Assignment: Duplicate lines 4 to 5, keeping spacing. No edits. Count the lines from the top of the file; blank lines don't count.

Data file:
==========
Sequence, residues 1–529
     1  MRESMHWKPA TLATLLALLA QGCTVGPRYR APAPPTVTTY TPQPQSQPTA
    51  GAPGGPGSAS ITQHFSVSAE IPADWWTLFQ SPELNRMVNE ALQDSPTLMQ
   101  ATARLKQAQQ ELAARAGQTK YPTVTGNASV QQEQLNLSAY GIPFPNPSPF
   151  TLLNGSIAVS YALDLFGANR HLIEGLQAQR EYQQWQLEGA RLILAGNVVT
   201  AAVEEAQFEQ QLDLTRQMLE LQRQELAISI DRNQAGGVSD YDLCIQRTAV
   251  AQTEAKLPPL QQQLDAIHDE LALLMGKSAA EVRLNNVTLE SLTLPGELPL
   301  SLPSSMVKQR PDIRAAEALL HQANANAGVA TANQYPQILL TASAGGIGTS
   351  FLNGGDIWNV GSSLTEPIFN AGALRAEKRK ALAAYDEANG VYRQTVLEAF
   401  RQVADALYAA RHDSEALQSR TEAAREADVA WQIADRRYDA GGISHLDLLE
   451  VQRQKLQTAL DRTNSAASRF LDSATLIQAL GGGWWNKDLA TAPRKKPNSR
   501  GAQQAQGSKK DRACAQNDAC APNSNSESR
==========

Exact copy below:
   101  ATARLKQAQQ ELAARAGQTK YPTVTGNASV QQEQLNLSAY GIPFPNPSPF
   151  TLLNGSIAVS YALDLFGANR HLIEGLQAQR EYQQWQLEGA RLILAGNVVT